Right-handed pop is in short supply on the free agent market, and even with some regression, Byrd offers a plus glove in right field. Because Byrd and the Levinsons can point to the 2012 season as an abnormality, a two-year deal doesn't seem far-fetched. Byrd has always been an under-the-radar commodity, and there's little historical context for a 35-year-old outfielder posting an unexpected four-WAR season after a year in which he was below replacement level. Byrd's case is fairly unique, and as a result it leaves us with little historical context to make a prediction.
Jonny Gomes' two-year, $10MM contract with the Red Sox may seem a good comparison upon first glance, but Gomes got that contract coming off a season in which he played just 99 games, and his defense is generally not considered a positive. That contract seems like the floor for Byrd, but I think the demand for right-handed power bats and the bulk of teams looking for a corner outfield upgrade will allow Byrd to beat Gomes' deal. In recent years we've seen corner bats Melky Cabrera and Jason Kubel land two-year deals for $16MM and $15MM, respectively, and my expectation is that Byrd will match Cabrera with a two-year, $16MM deal.
Photo courtesy of USA Today Sports Images.
The Pirates will try to re-sign pitcher A.J. Burnett, outfielder Marlon Byrd and shortstop Clint Barmes, and they may extend Burnett a qualifying offer, MLB.com's Tom Singer reports. Burnett is still deciding between playing for the Pirates for one more year and retiring, but Singer suggests that the most likely route is that Burnett will accept their qualifying offer. Since Burnett has already said he wants to retire as a Pirate, the Bucs do not need to worry much about their five-day exclusive negotiating period, except in the sense that whether or not they re-sign Burnett will have a significant impact on the rest of their offseason plans.
Byrd, who arrived via an August trade with the Mets, would continue to serve as the Pirates' right fielder if he were to re-sign. If he does not, the bulk of the playing time will likely go to Jose Tabata, with prospects Andrew Lambo and Gregory Polanco behind him. After posting a .291/.336/.511 season in 2013, Byrd will likely be in line for a multiyear deal, even at age 36.
Barmes made $5.5MM in the second year of his two-year deal with the Bucs in 2013. He hit poorly in both seasons and lost his starting shortstop job to Jordy Mercer, but he still has value due to his strong defense. If the Pirates retain him, it would likely be on a cheap one-year deal to back up Mercer.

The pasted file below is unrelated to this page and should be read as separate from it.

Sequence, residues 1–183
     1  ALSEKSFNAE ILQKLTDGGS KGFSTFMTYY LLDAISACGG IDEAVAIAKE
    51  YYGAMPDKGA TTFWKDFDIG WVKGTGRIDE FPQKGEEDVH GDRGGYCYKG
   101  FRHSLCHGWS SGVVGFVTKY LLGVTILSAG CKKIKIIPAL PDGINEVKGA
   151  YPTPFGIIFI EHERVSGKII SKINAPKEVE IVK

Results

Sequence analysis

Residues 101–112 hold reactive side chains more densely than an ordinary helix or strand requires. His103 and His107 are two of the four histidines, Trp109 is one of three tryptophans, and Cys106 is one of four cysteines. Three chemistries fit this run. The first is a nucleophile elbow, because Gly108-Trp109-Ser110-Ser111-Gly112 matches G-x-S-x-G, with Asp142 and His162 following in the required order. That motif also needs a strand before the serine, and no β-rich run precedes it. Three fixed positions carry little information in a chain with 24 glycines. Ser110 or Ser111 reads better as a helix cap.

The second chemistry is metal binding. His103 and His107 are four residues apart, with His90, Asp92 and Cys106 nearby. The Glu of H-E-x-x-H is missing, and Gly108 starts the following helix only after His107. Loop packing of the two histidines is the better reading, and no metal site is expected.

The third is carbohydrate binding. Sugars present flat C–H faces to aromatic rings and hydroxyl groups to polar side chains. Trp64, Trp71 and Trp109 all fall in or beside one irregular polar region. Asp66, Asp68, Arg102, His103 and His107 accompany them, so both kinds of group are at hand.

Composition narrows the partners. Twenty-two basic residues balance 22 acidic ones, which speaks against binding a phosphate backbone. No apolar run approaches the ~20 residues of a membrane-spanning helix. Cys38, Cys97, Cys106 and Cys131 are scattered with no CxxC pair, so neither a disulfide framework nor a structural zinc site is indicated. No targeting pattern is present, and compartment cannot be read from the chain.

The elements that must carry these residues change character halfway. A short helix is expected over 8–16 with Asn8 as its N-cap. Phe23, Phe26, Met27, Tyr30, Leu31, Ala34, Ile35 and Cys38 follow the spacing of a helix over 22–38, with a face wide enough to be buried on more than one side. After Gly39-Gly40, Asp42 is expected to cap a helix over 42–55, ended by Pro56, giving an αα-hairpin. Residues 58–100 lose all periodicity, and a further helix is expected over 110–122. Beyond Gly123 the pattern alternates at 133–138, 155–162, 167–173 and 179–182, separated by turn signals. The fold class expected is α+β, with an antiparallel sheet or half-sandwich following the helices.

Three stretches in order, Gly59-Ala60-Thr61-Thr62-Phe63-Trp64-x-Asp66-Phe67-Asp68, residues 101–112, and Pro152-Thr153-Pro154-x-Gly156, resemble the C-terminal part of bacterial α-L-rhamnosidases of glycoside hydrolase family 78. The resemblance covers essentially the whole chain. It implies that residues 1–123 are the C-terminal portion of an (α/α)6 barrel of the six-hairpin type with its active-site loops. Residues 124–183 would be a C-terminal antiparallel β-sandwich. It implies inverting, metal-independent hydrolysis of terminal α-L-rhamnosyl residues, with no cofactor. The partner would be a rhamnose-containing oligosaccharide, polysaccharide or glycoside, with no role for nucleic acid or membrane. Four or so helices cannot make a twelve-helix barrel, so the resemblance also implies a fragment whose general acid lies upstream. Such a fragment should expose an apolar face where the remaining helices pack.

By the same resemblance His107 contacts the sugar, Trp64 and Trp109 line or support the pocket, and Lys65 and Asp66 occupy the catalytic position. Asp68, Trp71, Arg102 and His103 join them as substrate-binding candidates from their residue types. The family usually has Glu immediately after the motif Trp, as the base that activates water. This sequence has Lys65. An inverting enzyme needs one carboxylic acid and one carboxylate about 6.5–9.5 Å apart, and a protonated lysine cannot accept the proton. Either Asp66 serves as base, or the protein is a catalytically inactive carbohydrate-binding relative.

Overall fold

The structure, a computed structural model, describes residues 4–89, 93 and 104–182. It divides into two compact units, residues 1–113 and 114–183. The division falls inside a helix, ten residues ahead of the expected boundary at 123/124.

The Bucs will try to negotiate with Byrd and Barmes before the bidding opens to other teams, Singer reports. He also notes that the Pirates are unlikely to re-sign first baseman Justin Morneau, catcher John Buck, or pitchers Jeff Karstens or Kyle Farnsworth.
The NLCS is taking a day off as the scene shifts to Los Angeles for Game 3 tomorrow night with the Cardinals leading the Dodgers 2-0. Here is the latest news and notes out of the National League today:
- The Rockies need to improve their talent acquisition via the draft and Latin America in order to overcome the crushing injuries suffered in recent seasons, according to Troy E. Renck of the Denver Post. Tim Hudson, whose free agency was profiled this past week by MLBTR's Steve Adams, would make a perfect middle-of-the-rotation starter for the Rockies, Renck opines.
- The Pirates' payroll will increase significantly in 2014 aiding their efforts to retain free agents Marlon Byrd and A.J. Burnett while also trying to sign Neil Walker and Pedro Alvarez to long-term extensions, reports the Pittsburgh Tribune-Review's Rob Biertempfel.
- The Mets will face a dilemma with their 40-man roster when it comes time to protect minor league players from the Rule 5 draft, reports ESPNNewYork.com's Adam Rubin. The Mets' 40-man roster is currently full and will be so again once the eight players on the 60-day disabled list replace the eight pending free agents on the 40-man. Jordany Valdespin headlines Rubin's list of eight Mets who could lose their roster spot.
- The Reds' managerial search is centered on pitching coach Bryan Price and Triple-A manager Jim Riggleman, writes John Fay of the Cincinnati Enquirer. Fay expects Price to get the job; but, if neither candidate impresses ownership in upcoming interviews, the search may be expanded.
- Nationals third-base coach Trent Jewett has an excellent shot to become the team's next manager, reports ESPN.com's Buster Olney (Insider subscription required).
Veteran Justin Morneau was in Minnesota for his entire career before the summer trade that shipped him to the Pirates, but the adjustment wasn't too difficult for him thanks to a familiar element, writes Bob Elliott of the Toronto Sun. “[Manager Clint Hurdle] speaks the same language as Ron Gardenhire,” said Morneau. “He’ll come up and say ‘[I'm] going to give you a blow tomorrow.’ I know I’m getting the day off. Gardenhire used to say it.” Elliott spoke with several Pirates players about their respect for Hurdle and their appreciation for him as a motivator. Here's a look at more from the NL Central..
- Win or lose, Pirates GM Neal Huntington hopes to keep his team together for 2014, writes Danny Knobler of CBSSports.com. That means keeping veteran pitcher A.J. Burnett and midseason acquisitions Marlon Byrd and Morneau. Byrd figures to see a significant raise over his $700K salary while Morneau ($15MM) and Burnett ($16.5MM) will obviously earn less in 2014.